Why Bricoleur?

The simplest answer is because that is how I would describe myself, and there don't seem to be any better words in english.

According to pages found through google's glossary (where else would one turn?), "bricoleur" is:

A French word with no exact English equivalent used as a term by Seymour Papert to describe the style of approach exemplified by a tinkerer or a jack of all trades. Bricoleurs are comfortable in unfamiliar realms of learning and experience because they learn best by using indirect connections to known information, even if the details of the skills are not exactly related. They try things out until they figure out how to do something.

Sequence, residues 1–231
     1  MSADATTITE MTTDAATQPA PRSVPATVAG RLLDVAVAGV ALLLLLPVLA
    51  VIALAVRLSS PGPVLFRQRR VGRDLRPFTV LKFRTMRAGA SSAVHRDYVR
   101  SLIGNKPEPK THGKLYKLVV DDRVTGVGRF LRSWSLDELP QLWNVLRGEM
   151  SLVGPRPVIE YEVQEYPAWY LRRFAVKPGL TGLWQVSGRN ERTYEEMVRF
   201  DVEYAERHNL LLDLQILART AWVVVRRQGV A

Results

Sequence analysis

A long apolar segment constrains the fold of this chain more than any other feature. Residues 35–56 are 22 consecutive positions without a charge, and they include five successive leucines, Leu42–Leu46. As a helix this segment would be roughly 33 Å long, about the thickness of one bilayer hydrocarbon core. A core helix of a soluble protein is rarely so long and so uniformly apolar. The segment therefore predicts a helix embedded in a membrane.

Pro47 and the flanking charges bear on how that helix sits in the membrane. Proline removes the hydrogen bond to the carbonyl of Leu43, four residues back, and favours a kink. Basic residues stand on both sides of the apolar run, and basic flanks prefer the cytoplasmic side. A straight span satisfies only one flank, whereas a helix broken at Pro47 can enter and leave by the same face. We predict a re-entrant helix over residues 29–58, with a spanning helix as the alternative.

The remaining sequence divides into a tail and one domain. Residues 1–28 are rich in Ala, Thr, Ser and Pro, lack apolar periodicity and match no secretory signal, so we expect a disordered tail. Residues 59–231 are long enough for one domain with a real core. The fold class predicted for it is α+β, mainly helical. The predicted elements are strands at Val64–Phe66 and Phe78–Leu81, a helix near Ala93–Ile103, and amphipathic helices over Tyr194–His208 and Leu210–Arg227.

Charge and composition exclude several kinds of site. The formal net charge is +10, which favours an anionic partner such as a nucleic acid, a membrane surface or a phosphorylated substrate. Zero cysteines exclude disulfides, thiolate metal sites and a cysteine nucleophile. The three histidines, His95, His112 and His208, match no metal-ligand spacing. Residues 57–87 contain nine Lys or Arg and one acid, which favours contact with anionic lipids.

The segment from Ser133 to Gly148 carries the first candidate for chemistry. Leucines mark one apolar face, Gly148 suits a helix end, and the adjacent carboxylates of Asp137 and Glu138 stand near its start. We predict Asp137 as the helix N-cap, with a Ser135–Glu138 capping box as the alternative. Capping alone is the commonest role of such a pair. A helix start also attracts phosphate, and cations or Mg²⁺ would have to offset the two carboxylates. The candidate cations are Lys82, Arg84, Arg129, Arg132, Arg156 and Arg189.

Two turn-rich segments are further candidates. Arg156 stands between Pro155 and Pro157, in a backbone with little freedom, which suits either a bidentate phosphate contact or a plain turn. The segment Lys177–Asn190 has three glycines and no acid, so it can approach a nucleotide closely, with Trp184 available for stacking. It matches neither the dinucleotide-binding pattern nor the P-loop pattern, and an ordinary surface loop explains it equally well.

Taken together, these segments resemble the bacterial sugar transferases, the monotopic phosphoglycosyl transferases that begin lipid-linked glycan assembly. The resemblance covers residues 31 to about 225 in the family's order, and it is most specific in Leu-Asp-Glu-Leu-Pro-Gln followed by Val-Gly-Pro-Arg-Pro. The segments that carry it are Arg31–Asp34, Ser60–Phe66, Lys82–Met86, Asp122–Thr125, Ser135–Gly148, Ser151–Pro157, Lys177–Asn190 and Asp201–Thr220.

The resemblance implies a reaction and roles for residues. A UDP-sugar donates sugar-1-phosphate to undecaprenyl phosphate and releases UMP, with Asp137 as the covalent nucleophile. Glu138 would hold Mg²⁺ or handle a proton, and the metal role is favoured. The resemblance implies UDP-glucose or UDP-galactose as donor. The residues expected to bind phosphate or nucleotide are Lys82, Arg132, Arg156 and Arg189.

Courtesy of the Tech Learning Link Glossary. Also check out the google glossary entry for bricolage

I first heard of this characterization of what I think is my approach to learning from Sherry Turkle's great book The Second Self: Computers and the Human Spirit .

In our post-DMCA world the positive benefits of being able learn through tinkering is a hot topic. Ed Felton's excellent web log called "Freedom to Tinker" and the Yale web log called "LawMeme: Legal Bricolage for a Technological Age" are but two examples.

1 comment:

Anonymous said...

Actually, bricoleur is a French word introduced by the French cultural anthropologist and philospher Claude Levi-Strauss in 1962. It means one who engages in bricolage, creating things from whatever is present at the moment, whether it be a physical object (e.g. a tool or device) or a thought or abstract creation (e.g. a treatise, etc.)